Patrick Tan – User Researcher at Hothead Games

This month I’ve been talking to Patrick Tan, User Researcher at Hothead Games about his journey into games user research, and getting his first role in the games industry. 

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This month I’ve been talking to Patrick Tan, User Researcher at Hothead Games about his journey into games user research, and getting his first role in the games industry. 

He shared his experience applying for roles, getting the experience necessary to work in games and top tips for finding entry level games jobs.

To keep up with Patrick, find him on Discord (Pat#4036) or LinkedIn

Working in games user research

I am a User Researcher at Hothead Games, a mobile game studio. I primarily work with game teams through early concept testing all the way to a worldwide release!

I’m relatively new to working in UXR so my background isn’t too lengthy! But before working in games I did UX research at a creative agency named FCB/SIX and also the Royal Bank of Canada. Both were awesome experiences that let me contribute to some pretty cool products and work with other amazing researchers. Then before working at FCB/SIX and RBC, I was finishing my last year of undergrad studying computer science, psychology and communications technology.

Discovering games user research as a career

It was not until early this year I learned about Games User Research and its possibility as a career. I guess I always knew subconsciously that games user research existed, just by playing in betas and participating in player feedback surveys while growing up. But it never really clicked for me that it was usually user research that facilitated these moments.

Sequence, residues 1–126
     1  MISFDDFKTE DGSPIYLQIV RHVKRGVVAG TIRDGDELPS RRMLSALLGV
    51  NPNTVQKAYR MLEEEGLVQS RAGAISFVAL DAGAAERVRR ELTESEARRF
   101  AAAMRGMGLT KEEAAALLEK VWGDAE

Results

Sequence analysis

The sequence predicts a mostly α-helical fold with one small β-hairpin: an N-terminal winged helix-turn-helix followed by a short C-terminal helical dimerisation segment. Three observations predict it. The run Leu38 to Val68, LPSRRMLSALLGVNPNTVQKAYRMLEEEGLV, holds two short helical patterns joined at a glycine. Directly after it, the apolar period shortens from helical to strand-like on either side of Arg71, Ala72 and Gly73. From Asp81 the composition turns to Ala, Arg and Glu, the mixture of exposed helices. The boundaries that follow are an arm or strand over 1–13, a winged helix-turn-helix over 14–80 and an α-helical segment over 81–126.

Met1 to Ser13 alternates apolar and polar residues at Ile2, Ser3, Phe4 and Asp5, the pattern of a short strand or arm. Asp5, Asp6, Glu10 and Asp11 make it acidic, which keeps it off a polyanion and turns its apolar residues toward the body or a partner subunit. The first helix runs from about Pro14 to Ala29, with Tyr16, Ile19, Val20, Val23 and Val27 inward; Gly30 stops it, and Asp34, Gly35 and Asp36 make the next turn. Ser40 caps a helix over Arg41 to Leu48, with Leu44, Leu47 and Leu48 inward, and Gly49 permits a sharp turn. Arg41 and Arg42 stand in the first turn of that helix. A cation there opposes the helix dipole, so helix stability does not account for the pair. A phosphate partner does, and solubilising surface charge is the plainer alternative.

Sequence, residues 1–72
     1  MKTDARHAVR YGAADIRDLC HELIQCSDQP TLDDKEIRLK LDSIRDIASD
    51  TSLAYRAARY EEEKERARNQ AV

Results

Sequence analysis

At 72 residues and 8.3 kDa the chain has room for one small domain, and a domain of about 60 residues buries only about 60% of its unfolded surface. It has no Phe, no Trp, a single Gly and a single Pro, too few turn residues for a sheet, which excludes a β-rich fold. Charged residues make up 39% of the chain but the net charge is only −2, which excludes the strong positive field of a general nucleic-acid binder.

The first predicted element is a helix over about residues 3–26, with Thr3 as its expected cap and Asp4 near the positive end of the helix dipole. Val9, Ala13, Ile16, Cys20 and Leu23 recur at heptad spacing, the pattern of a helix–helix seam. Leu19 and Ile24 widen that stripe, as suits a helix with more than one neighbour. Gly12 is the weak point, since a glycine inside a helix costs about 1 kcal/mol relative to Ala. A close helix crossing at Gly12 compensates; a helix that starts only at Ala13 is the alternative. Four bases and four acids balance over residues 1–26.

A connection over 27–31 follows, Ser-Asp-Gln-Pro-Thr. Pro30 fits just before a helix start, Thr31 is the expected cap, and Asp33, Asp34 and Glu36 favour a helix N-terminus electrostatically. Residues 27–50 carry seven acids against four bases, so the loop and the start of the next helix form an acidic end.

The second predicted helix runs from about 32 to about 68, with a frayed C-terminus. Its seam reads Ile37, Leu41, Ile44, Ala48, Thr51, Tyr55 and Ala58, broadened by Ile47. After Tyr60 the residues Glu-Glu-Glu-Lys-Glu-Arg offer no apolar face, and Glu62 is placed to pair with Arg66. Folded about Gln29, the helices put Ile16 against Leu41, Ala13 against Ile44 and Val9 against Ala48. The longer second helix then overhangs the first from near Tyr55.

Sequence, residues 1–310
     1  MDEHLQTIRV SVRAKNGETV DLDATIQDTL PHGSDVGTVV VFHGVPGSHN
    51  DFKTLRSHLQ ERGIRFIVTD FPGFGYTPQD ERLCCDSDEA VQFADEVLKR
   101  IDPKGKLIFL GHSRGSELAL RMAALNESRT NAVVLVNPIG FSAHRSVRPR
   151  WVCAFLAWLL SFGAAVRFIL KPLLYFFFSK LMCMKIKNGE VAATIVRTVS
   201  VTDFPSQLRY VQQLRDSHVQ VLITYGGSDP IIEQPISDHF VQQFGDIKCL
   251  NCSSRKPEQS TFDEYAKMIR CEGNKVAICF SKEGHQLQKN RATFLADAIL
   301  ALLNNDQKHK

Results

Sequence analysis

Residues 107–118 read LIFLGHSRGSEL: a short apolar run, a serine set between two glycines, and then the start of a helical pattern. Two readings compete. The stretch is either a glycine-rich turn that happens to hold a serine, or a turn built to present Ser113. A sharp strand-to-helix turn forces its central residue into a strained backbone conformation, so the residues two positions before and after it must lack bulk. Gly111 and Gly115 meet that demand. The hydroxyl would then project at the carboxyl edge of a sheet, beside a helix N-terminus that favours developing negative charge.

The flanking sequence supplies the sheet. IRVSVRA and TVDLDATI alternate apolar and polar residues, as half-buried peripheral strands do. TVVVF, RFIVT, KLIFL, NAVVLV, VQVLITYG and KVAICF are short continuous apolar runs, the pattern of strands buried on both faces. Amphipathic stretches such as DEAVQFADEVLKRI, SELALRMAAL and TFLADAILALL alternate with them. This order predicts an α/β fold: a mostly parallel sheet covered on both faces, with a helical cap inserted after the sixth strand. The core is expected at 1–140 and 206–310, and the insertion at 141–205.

When applying for jobs, I always noticed UXR opportunities at the different game companies but I always just assumed it was just the same as any UXR in tech. That was until I was able to connect with Phil Keck from WB Games and I was able to learn a whole new side of user research that I completely fell in love with! It was a super insightful chat, getting a quick crash course on how user research works in games and its differences/similarities to tech. But the most important takeaway was the introduction to the GRUX discord and other resources like Game Makers Toolkit. This put me in a never-ending rabbit hole learning everything about GRUX and how to break in. Which led me to buying the famous “Games User Research” book and funny enough “How to be a games user researcher“!

After taking some time to read through the books and scrounging the web for GUR related topics. I figured I very much enjoy playing video games and I like to do UX research as a job. I mind as well combine the two and look for something in the games industry!

(Shoutout to Phil Keck for getting me in touch with GUR and sharing your awesome resources! and Esther Santos for connecting me to Hothead Games!)

Preparing for a first games user research role

I was very fortunate to have the experience from both FCB/SIX and RBC as a UX researcher, which helped me practise research methods and tools in a practical setting. But because I was in between jobs at the time, I decided to use my time productively and continue to practice my skills by volunteering at Hack4LA. This was a great opportunity to continue to work on my research skills like interviewing and creating actionable insights, while also contributing to some fantastic civic tech projects.

Unironically, I was playing more games during my job hunt. In preparation for interviews, I usually played one of their games that the company developed (In my case it was mostly mobile games). This was more so to get an understanding of the types of games I could be expected to work on, and to demonstrate my interest in the company I was applying to. I love talking about anything games, and it definitely feels better if it is relevant towards the company!